Based on the last day of 2020, the new year looks surprisingly bright. Seriously, I’m reporting this from Tel Aviv in disbelief.
They’re telling us that Israel leads the world in inoculating its population against Covid-19. As of this writing, the country has vaccinated 1 million residents, reflecting more than 10% of the population. The Israel Health Ministry has said it aims to vaccinate 25% by the end of January, with the goal of reaching “herd immunity,” by midsummer, if not sooner.
Of course, you don’t have to believe me, an American-Israeli citizen now settled in Tel Aviv. Check out the Associated Press, BBC, Breitbart, and the Jerusalem Post. (The Times of Israel, too.) They have all covered Israel’s vaccine roll-out.
My wife and I are still pinching ourselves. A married couple we know back in our former home of Wisconsin, both of them well over 70, told us they don’t expect to get their first vaccinations before March. One has serious lung-related problems.
On Wednesday, without an appointment, we walked 20 minutes from our apartment to Rabin Square where we joined a line leading inside a tent staffed by healthcare workers wielding cotton wads.
Within a half hour, we had our throats and noses swabbed and were out of there. Although they told us that it might take as long as 72 hours to receive the results, we received ours (both negative) within a day.
As adults over 60, we placed high on the priority list and had vaccination appointments scheduled for January 5. To our surprise, the morning of December 31 we received a message from the city informing us that we could get our shots immediately.
From the moment we received that message, to making a same-day appointment, walking to Rabin Square, waiting on line, getting stuck, and sitting in the tent for 15 minutes to make sure we suffered no negative reaction, it took us under two hours.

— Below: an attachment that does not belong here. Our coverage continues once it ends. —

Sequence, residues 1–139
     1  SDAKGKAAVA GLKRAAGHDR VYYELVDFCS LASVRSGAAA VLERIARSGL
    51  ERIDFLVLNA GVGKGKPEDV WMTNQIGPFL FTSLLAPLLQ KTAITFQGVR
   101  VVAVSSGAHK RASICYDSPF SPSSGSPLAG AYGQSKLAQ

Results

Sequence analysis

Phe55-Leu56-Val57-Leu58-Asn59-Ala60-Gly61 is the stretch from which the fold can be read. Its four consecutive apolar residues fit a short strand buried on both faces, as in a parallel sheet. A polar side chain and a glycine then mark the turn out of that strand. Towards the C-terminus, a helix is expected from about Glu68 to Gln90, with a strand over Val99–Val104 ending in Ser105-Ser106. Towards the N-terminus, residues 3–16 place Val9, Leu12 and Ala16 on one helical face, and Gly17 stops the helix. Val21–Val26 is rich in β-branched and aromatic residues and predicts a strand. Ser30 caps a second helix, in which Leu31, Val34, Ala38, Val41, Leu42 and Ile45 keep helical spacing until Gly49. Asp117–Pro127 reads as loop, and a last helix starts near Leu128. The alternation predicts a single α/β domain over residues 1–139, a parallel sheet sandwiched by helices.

If only our efforts to obtain new Israeli drivers licenses had gone like that. After two trips to the Department of Motor Vehicles, perhaps a dozen phone calls, and nearly a year-long wait, we still don’t have them. But never mind.
Granted, I may be biased by personal experience. That said, it appears to me that the government’s vaccine rollout is a bonafide success. Even jaded friends who were born here have found the inoculation process nothing short of miraculous.
“It shows what Bibi is capable of when he wants to make a good impression on voters,” one friend explained.
Ah yes. The voters. In March, Israel will hold its fourth national election in just two years, a record-breaking feat that many blame on Prime Minister Benjamin Netanyahu.
This is the same prime minister who previously warned Israeli Jews that Israeli Arabs would take over the country unless he was reelected. The same Bibi who is currently embroiled in three court cases involving breach of trust, bribery, and fraud. The same man who is now promising to aggressively seek the Arab vote in Election #4. But never mind.
My wife and I, having gotten our first shots, are scheduled for round #2 in three weeks. In a word: WOW.
As we left the medical tent, we happened upon a 6-ton bronze statue. Recently installed in Rabin Square, it was sculpted by Artist Itay Zailit in honor of protestors who demonstrated against Benjamin Netanyahu not far from the prime minister’s official residence in Jerusalem.
Zailit named his sculpture “Israel’s Hero,” (“Gibor Yisrael”), a title referring to a decoration for valor given to Israeli soldiers. He was inspired by a photograph of a protestor kneeling as police drenched him with a water cannon. The protestors now call Paris Square, where Zailit originally erected his hero,“Democracy Square.”
The protests, Bibi’s court cases, and the Covid-19 inoculation drive continue. Campaigning for the March Knesset election has yet to begin in earnest, but my wife and I are ready. By then, we’ll have had our second shots.
Whether our drivers’ licenses arrive by then remains to be seen. But never mind. We’re ready for what lies ahead.
Fortunately, we’ve found ways to keep smiling through the pandemic.
As we say in Wisconsin, Forward!